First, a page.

New HTML Editor feature in Visual Studio 11 Developer Preview

New HTML Editor feature in Visual Studio 11 Developer Preview

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Visual Studio 11 Developer Preview has many new HTML editor features, including the following:

Scott Gu's Blog:

From ASP.NET 4.5 and Visual Studio 11 Developer Preview Whitepaper

Discussed a little bit more here than in the whitepaper:


Smart indentation

The indentation of HTML elements has been tightened up so the cursor will always be placed the right place after hitting Enter when inside any empty HTML tag.


When the user hits Enter, the closing div tag is moved 2 lines down and indented correctly according to the opening tag. The cursor is also indented to enforce the hierarchical indentation of elements.


If you don't like the cursor get indented below <div>, you can go to tools->options->Text Editor->HTML->Tabs and check "Block" instead of "Smart" for Indenting.


Server side event handler generation

Creating event handlers for ASP.NET controls have gotten significantly easier in Visual Studio 11 Developer Preview. Developers no longer have to write the event handlers and hook them up manually, which saves a lot of time.

IntelliSense for all server-side events now include a value called “<Create New Event>” which, as the name implies, will create an event handler with the right signature in the code-behind file.


It will name the event handler after the name specified in the ID attribute, so in this case, the following event handler is generated:


And this is the actual event handler added to the code-behind file:

For C#:

 protected void btnSave_Click(object sender, EventArgs e)

For VB:

 Protected Sub btnSave_Click(sender As Object, e As EventArgs) 

End Sub

Extract Code to User Control

In big web documents it can sometimes be a good idea to separate out the individual pieces in their own user controls. This form of refactoring is known from programming languages and helps increase the readability and structure of a web page.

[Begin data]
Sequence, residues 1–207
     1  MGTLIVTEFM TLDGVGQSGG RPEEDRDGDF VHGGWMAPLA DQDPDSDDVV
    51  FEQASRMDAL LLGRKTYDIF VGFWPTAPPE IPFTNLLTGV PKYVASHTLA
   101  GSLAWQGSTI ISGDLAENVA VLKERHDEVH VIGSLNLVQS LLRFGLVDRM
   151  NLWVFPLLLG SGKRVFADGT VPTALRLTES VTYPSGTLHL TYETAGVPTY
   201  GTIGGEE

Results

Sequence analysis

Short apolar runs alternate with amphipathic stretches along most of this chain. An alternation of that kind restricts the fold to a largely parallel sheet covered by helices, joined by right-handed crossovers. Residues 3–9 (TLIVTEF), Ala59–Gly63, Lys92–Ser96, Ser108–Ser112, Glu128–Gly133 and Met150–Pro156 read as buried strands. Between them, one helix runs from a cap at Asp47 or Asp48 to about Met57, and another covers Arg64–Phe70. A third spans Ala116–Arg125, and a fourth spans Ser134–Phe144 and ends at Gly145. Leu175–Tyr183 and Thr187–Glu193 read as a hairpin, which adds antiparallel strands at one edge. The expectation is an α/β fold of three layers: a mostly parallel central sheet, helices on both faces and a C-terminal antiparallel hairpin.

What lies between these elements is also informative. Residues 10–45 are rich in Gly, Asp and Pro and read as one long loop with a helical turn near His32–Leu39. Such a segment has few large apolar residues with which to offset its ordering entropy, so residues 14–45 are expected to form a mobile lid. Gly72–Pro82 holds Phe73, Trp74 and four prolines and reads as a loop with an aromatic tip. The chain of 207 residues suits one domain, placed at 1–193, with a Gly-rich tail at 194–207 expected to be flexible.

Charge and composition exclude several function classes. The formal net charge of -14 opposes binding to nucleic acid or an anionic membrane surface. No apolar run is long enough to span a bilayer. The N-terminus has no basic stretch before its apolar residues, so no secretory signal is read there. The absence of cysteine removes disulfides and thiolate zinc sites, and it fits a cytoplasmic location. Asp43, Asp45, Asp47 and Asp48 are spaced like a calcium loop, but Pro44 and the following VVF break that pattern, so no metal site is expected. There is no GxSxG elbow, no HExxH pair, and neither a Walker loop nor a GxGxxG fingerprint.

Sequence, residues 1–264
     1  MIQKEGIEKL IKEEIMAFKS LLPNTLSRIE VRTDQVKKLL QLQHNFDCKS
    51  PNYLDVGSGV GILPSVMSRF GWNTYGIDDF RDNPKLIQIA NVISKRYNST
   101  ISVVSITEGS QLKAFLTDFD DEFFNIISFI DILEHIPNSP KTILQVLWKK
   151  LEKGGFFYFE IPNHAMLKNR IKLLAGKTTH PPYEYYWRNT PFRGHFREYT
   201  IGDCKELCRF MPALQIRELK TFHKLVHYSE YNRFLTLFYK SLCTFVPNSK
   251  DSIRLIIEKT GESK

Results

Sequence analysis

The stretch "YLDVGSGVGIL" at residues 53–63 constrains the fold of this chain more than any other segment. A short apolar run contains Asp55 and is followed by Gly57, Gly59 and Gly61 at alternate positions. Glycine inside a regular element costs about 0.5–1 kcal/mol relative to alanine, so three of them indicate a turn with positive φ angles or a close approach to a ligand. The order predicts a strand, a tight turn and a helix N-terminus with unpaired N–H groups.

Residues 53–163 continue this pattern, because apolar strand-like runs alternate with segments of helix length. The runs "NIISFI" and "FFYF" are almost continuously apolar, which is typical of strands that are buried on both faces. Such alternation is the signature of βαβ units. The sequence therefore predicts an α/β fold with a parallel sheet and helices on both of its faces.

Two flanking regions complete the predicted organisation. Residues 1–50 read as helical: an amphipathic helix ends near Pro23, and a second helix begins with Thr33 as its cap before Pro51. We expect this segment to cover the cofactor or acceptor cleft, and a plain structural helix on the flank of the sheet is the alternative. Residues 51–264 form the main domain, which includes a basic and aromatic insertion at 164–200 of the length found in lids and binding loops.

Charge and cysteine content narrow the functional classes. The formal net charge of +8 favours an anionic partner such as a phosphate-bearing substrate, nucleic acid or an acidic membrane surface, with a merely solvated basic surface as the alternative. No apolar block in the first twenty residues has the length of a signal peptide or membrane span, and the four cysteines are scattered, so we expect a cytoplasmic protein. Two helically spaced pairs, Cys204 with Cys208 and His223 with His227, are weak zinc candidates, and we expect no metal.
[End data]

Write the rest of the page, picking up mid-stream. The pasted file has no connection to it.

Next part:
The ability to extract any selected markup to its own user control has been added to Visual Studio 11 Developer Preview. Simply highlight the bits and pieces to extract and then right-click and click Extract to User Control.


You will be able to determine the path and name of the user control:


Here's the final look after clicking OK:


Note, for web application, you may need to build the project first before the green squiggle disappear from the generated control syntax.

Enjoy with Visual Studio 11 Developer Preview!

Web Platform and Tools team

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  • Could you provide Extract to User Control/Partial view for ASP.NET MVC too?

  • Nice!


    Varun Maggo

  • Awesome!

  • Great improvements, Scott - thank you! Something else that may be worth considering in the future would be an option where a developer can set how the bar at the very bottom (containing Output, Error List, etc.) of VS behaves. I cannot tell you how many times I accidentally hover over an item down there only for it to expand vertically, covering up what I actually wanted to select. It would be terrific to have an option where we can select something like "Show when clicked" rather than reacting to the hover.

  • Slawek, thanks for the advice, our PM has put it on the feature backlog.

    Simon, in Visual Studio 11 Developer preview, your desired feature is there by default.  You can confirm it via tools->option->Environment->Tabs and Windows, checkbox "Show auto-hidden windows on mouse over" is unchecked.

    Thanks for the feedbacks

    Xinyang Qiu

    Web Platform and Tools

  • btnSave_Click is generated in the markup but ButtonSave_Click is generated in the code behind? Is this configurable?

  • JoeyRobichaud,

    Thanks for pointing the inconsistency in the post.  I just corrected it.

    Xinyang Qiu

    Web Platform and Tools

  • Nice work! I'm looking forward to using these improvements in production :)

  • Good ideia, Extract Code to User Control.

  • Good idea, Extract Code to User Control.

  • The "create new event handler" option seems like it could cause problems if AutoEventWireup="true", which is the default. The event will get wired up twice; once from the OnClick attribute, and once from the auto-magic name matching.

    This sort of thing comes up in the forums all the time, particularly for VB, where you'll sometimes also get a "... Handles <event>" clause, meaning that the handler is attached *three* times.

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